Market Roundup
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Where can jobs be found in this country? Which industries are doing better and which are doing worse?

The ADP Research Institute tries to answer those questions for us the first Wednesday of every month. Then the Labor Department weighs in two days later. So what did ADP say in its October report today?

=> Overall employment grew by 182,000 last month. That was the weakest reading since July, and a deceleration from September’s downwardly revised 190,000k figure. It also confirmed we’ve downshifted from the kind of 200,000+ numbers we saw throughout 2014.

=> Manufacturing continued to struggle, with another 2,000 jobs lost on the heels of last month’s 17,000-worker drop. The service sector came in stronger. But the rate of job gains there dropped to 158,000 from 182,000 in September. Financial sector growth weakened notably, as did job gains in professional and business services.

=> Small businesses continue to add positions at a healthy clip. Those with 49 or fewer employees added 90,000 jobs. But large companies with at least 500 workers on their payrolls added only 29,000 jobs. That was a sharp deceleration from 101,000 in September.

Are more people destined for the unemployment lines?

So if I had to sum up the message here, it’s that the U.S. economy is starting to bend. The burden of a slower world economy and a weak energy sector, among other threats, is causing job growth to decelerate.

Large manufacturers and other multinational companies are getting hit the hardest. But as layoffs mount here at home, their struggles will likely spill over into more domestically focused industries and businesses, too. The slowdown in service sector growth may be the first sign of that.

Will it “matter” to the markets? Well, the negative economic news of late certainly didn’t derail the October rally in the S&P 500 or the Nasdaq-100, or the gains in the first couple days of November. But I can’t help but note the economically sensitive Dow Transports remain depressed, and that many of the divergences I’ve highlighted persist.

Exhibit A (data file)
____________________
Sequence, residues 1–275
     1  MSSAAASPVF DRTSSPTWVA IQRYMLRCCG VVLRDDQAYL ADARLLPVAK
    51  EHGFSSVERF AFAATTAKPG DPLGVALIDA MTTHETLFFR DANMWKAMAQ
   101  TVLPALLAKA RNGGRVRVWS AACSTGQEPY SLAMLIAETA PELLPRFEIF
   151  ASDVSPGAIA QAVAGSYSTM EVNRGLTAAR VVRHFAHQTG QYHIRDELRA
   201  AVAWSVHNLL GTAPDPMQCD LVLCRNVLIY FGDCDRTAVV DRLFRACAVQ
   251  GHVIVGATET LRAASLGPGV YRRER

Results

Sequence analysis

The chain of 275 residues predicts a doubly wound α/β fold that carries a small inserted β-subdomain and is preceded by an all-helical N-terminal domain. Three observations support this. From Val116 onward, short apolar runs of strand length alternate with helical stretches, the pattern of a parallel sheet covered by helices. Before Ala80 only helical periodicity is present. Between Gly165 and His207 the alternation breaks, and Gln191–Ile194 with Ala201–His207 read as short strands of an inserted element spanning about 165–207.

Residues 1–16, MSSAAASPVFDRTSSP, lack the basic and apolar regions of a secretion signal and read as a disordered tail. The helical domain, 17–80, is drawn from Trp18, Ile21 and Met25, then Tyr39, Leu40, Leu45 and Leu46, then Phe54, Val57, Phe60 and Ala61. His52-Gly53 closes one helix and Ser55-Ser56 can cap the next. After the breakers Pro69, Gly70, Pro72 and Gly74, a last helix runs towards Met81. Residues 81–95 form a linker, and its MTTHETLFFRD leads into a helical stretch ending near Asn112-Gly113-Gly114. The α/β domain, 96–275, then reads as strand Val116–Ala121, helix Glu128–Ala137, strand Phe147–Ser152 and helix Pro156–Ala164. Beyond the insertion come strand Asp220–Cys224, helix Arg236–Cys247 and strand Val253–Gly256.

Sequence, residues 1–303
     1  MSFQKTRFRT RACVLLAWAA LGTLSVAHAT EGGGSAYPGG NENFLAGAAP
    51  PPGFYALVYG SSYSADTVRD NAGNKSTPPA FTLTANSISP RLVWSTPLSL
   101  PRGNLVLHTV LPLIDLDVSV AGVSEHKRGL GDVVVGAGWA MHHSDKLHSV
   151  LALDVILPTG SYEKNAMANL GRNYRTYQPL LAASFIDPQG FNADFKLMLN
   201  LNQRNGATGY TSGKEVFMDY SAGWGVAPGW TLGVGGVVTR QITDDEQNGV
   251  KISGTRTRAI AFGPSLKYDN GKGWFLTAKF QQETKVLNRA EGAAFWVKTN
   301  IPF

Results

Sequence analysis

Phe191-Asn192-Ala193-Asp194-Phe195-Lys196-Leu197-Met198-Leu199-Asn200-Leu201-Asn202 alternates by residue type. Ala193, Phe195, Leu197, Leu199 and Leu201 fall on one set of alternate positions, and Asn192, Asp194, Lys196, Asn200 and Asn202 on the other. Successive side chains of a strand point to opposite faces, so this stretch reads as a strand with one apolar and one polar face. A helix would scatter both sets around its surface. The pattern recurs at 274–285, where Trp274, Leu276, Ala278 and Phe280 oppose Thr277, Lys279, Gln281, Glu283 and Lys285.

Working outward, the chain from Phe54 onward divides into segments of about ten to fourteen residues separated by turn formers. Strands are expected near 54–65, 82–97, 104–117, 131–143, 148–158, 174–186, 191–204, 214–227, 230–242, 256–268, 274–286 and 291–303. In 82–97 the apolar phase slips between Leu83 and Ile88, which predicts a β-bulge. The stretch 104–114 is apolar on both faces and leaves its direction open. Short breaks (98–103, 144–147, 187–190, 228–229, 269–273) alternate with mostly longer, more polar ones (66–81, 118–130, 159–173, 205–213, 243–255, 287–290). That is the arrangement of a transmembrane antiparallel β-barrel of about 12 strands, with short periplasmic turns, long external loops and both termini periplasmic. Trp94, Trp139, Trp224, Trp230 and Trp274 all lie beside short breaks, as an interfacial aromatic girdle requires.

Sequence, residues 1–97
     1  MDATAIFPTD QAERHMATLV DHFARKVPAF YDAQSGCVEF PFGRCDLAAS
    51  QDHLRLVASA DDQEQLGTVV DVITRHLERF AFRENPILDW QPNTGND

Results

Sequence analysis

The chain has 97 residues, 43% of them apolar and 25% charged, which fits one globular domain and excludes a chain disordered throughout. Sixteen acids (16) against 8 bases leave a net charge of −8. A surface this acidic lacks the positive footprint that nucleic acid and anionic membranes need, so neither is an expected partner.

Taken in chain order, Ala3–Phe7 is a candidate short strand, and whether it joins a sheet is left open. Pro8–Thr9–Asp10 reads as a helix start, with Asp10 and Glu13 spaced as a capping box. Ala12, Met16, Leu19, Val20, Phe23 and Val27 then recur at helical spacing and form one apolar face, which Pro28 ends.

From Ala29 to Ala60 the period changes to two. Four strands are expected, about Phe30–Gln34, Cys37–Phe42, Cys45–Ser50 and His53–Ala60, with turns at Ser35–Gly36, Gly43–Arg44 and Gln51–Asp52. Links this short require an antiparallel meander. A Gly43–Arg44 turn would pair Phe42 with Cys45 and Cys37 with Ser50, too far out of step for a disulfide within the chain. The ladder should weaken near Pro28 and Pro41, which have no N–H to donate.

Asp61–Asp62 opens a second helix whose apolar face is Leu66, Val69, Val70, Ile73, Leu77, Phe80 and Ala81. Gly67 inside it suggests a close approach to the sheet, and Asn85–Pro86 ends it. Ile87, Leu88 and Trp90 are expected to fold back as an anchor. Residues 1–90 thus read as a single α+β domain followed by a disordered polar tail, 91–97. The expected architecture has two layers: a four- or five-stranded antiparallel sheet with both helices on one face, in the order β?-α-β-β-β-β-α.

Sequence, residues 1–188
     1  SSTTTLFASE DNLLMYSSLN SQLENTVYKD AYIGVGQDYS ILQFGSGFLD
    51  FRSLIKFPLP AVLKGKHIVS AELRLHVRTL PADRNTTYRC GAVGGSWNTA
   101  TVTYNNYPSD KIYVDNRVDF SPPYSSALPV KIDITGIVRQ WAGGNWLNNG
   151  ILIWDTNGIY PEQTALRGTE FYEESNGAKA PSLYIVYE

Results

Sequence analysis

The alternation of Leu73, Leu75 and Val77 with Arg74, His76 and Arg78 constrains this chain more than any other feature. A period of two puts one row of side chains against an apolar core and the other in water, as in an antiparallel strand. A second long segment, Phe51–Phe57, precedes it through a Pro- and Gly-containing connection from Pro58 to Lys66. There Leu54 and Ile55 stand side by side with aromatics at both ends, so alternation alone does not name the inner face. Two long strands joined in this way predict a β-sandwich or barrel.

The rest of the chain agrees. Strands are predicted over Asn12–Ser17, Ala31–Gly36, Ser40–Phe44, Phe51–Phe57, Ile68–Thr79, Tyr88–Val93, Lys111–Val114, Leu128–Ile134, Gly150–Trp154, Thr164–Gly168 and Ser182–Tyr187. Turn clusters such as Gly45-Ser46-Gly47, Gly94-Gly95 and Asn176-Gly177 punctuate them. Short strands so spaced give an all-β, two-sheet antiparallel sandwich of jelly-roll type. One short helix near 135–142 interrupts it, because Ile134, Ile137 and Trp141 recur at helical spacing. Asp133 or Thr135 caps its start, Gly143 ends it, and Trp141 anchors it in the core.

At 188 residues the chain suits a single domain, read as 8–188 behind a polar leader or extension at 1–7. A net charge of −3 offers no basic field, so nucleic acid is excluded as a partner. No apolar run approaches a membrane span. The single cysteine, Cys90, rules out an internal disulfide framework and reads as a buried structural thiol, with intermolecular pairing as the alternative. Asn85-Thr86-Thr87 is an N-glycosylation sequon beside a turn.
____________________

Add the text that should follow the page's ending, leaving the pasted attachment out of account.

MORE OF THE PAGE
So maybe the answer is that it matters to SOME stocks, many bonds and several commodities. You can profit in select stocks that have strong, company-specific stories attached to them – as we’ve seen in technology. You can profit in less economically sensitive names that offer yield protection, solid ratings, and corporate catalysts. Two names that foot the bill in my Safe Money Report just moved nicely higher.

But broad, unhedged bets on the market? In an environment where bear market trading behavior can increasingly be found in many corners of the financial world? That’s a bridge too far for me here, despite the rally over the past few weeks.

So what do you think of the latest labor data? Is the relative strength in services and small business hiring enough of a positive to offset the weakness in larger, multinational industries? Do you agree or disagree with my market stance, and do you think these jobs figures support my view or undercut it? Make sure you head over to the Money and Markets website and weigh in when you get a minute.

Our Readers Speak

Yesterday’s piece on Bill Gross and his opinions on zero percent interest rates sparked quite a bit of conversation online.